So we both took the retail path to personal wealth and success, and in the 1980’s, that path was still marked by low pay, but had both job security and upward mobility.

We moved through the 80s together, keeping tabs on one other, and competing to see who had the best sales numbers for a department on a month-by-month basis. I managed the men’s clothing department, and Jeff spent a lot of time managing men‘s accessories, so we were often together.  


In 1997 and 1998, Mercantile Stores got bought out, leaping around from owner to owner till eventually it all rolled up under Macys Department Stores. Jeff and I were out of work as management personal and were offered light severance packages as we were phased out over a period of a few months and told to "kindly leave please."


I landed lucky.

I got on with a big wholesaler/retailer that I have been with ever since, and slowly started to rebuild an off-track career.

It was a huge long shot at the time, but I got in. 


Jeff, on the other hand, had few options.

The turn of the century saw clothing retailers consolidating, as too many players were in the market and some had to fall out to make any sense at all. Add to that the starting of economic woes in the middle of the decade, and Jeff quickly piled up 7 years of no traction and low-end jobs in retail.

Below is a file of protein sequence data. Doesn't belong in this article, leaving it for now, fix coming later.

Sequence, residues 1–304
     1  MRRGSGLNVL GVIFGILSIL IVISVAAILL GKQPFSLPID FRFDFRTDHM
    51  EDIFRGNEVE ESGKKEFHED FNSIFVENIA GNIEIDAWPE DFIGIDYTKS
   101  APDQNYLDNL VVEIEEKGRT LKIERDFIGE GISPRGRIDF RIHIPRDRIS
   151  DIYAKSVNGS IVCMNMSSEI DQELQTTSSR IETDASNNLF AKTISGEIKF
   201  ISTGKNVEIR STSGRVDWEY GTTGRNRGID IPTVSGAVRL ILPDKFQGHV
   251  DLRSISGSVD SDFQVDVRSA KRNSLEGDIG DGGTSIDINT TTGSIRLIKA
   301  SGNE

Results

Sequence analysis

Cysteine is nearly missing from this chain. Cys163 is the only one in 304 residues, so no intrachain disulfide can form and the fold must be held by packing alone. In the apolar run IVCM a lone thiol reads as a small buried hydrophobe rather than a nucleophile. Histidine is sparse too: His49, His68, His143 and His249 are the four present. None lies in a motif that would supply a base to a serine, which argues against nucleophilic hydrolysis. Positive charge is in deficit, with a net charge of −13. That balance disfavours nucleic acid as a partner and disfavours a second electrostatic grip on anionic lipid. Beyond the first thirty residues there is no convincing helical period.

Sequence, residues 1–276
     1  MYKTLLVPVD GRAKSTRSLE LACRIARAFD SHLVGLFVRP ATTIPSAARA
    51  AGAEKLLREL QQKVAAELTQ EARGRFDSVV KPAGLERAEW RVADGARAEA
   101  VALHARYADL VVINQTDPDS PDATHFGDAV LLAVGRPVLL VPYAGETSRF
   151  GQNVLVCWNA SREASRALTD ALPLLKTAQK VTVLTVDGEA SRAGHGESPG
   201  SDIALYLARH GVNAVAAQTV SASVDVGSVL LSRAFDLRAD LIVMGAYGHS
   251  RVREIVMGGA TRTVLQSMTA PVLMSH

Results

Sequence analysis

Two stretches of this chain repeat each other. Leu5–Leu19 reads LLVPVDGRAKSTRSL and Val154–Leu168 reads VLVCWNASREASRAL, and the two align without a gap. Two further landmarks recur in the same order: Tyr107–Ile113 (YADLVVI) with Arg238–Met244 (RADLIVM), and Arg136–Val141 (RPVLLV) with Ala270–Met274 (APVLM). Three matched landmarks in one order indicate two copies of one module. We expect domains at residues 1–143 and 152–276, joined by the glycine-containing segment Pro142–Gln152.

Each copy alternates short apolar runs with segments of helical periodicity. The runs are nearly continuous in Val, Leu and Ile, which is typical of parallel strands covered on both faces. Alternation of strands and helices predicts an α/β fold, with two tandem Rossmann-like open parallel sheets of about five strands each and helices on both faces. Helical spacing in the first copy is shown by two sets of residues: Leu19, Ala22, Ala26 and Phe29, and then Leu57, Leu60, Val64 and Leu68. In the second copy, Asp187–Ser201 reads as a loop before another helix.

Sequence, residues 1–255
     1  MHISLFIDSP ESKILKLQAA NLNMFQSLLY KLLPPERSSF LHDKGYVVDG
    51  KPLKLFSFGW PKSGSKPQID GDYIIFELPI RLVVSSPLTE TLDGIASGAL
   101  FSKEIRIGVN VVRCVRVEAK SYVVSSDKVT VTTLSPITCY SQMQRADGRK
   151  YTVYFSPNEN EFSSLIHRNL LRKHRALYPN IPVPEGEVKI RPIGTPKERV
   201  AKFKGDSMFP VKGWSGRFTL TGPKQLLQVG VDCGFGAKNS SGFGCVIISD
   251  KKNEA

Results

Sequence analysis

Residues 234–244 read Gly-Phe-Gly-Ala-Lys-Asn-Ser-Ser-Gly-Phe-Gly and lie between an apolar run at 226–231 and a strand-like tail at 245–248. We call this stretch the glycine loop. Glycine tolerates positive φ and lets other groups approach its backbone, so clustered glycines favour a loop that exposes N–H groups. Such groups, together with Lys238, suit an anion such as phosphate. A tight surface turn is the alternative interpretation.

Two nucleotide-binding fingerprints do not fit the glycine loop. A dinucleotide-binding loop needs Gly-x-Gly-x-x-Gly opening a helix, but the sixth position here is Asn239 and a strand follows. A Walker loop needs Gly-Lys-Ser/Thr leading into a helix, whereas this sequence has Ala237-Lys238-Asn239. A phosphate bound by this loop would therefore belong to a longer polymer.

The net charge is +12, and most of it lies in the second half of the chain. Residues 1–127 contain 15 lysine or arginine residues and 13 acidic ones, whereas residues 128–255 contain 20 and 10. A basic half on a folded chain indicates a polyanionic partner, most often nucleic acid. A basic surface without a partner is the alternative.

So in the process of feeling bad for himself, and feeling the pressure of a wife that had expected better and now was hinting at filing for divorce, Jeff sat in front of the TV one night and caught a commercial that spoke about “jump starting his career” by going back to college. It struck a chord!

He could go back to college, get a degree in a high demand field, and get his feet back under him, in the process saving his esteem and his marriage!


He talked to his wife, who basically said that “something had to give,” and enrolled that next week. 

This was in 2007 or 2008.



Jeff did not share this plan with his buddy J D, in part because we were still a bit competitive and because he was embarrassed to be "left behind" in the workplace. I certainly wish he had shared, although I am not sure I’d have told him anything that would have changed his mind.